A record of the Sportsman's Battalions during the First World War, including a database of soldiers who enlisted in - or served with - the 23rd, 24th and 30th Royal Fusiliers, originally raised by Mrs. Emma Cunliffe-Owen in September 1914. If you have any questions or comments, please send to fmsketches@macbrem.com, thanks!

April 20, 1915

Berwickshire News and General Advertiser

Lady Maitland’s Silver Wedding.

WE give a photo of Viscountess Maitland at Thirlestane Castle, who has just celebrated her silver wedding.

Viscount Maitland is the eldest son of the Earl and Countess of Lauderdale who how resides in the South of England. He and Lady Maitland, (who is a daughter of the late Judge Vaughan Williamson) have been living at Thirlestane Castle for the past 3 years and are very popular in the district, both having taken a preeminent part in good work in Lauderdale. Since the outbreak of War, Lord Maitland has been with Military Services as Colonel of the Sportsman’s Battalion

Manchester Courier and Lancashire General Advertiser



Baron Herbert de Reuter, managing director of Reuter’s Telegraph Company, has been found lying dead at his residence near Reigate. A revolver which had been discharged was found, and there appears to be little reason to doubt that the baron fell by his own hand.

The deceased was greatly overwrought by the sudden death of his wife, to whom he was warmly attached, on Thursday last, and whose funeral had been fixed for yesterday. The baron’s body was found in a summer-house in the grounds. On a table there were two letters. One was addressed to Mr. Flint, the gardener, who found the deceased and the other “To the spirit of my dear wife Edith.”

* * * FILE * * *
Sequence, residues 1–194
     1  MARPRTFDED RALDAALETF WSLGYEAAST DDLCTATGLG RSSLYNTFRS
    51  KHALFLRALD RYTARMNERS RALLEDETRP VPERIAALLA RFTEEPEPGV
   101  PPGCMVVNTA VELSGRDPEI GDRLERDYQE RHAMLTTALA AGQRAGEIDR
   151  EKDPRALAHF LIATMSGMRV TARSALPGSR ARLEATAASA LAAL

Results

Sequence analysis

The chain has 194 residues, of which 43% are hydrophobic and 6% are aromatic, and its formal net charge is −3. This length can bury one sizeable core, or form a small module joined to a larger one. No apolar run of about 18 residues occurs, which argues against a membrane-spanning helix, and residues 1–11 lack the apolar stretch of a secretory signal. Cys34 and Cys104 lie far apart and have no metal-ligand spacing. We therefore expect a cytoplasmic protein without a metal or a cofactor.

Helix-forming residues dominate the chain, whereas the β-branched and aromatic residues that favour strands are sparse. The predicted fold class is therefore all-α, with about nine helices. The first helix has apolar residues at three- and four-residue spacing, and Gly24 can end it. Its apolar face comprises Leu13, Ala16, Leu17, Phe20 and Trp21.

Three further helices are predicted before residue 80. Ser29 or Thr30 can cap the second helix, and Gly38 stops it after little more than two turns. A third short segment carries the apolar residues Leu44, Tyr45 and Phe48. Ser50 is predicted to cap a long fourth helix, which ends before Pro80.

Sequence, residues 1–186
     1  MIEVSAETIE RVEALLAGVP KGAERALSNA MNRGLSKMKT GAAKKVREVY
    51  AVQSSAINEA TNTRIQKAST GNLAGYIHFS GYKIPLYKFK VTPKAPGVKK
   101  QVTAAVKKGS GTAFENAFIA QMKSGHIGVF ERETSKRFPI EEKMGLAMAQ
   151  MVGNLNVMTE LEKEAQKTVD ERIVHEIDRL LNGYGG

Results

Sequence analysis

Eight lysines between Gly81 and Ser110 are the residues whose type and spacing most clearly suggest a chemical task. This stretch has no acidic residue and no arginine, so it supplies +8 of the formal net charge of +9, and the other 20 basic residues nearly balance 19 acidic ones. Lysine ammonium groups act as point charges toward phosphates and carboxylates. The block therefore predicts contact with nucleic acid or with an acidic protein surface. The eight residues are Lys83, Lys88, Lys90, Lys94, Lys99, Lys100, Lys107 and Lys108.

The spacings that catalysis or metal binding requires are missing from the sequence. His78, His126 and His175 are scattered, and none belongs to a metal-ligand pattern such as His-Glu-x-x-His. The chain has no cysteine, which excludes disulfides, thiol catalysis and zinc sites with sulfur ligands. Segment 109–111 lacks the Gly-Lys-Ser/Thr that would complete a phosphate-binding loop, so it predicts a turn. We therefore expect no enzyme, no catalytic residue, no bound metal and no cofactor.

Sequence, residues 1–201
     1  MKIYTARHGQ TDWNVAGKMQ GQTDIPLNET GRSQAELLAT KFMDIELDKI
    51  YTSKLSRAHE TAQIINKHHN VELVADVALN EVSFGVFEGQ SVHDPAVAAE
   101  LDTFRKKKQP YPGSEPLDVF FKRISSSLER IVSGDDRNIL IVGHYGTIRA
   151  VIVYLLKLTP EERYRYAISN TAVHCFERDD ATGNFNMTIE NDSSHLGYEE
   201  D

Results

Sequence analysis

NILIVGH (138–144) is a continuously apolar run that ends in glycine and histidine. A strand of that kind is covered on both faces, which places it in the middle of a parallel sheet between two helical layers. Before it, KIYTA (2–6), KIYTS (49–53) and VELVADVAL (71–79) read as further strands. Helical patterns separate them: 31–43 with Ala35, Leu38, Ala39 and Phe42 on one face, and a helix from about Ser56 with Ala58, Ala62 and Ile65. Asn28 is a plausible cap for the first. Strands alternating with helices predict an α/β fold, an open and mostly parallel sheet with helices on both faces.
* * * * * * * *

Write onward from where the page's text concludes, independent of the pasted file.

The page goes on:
The funeral of Baroness de Reuter was postponed, and it is understood that she will now be buried in the same grave as her husband. They leave two children. Their son, Hubert, is serving in the Sportsman’s Battalion, and their daughter married, in 1901, Mr. James Douglas, of Tilquhillie, Scotland.

Baron de Reuter was 64 years of age. Until last week he was in constant attendance at the offices of the new agency, of which his father, the late Baron Julius de Reuter, was the founder and with which he had been associated ever since 1875, the year before his marriage.

In his younger days Baron de Reuter contemplated a musical career. After passing from Harrow to Balliel College, Oxford, he declined to remain at the university long enough to take his degree, in spite of the remonstrances of Dr. Joewit (then Master of Balliol), and went to Paris. But after a your or more he returned to London and decided to comply with his father’s wish that he should enter the services of Reuter’s Agency, of which he soon rose to be managing director. Under his guidance its scope grew, until at present there is hardly a part of the civilized world with which the agency is not in communication.

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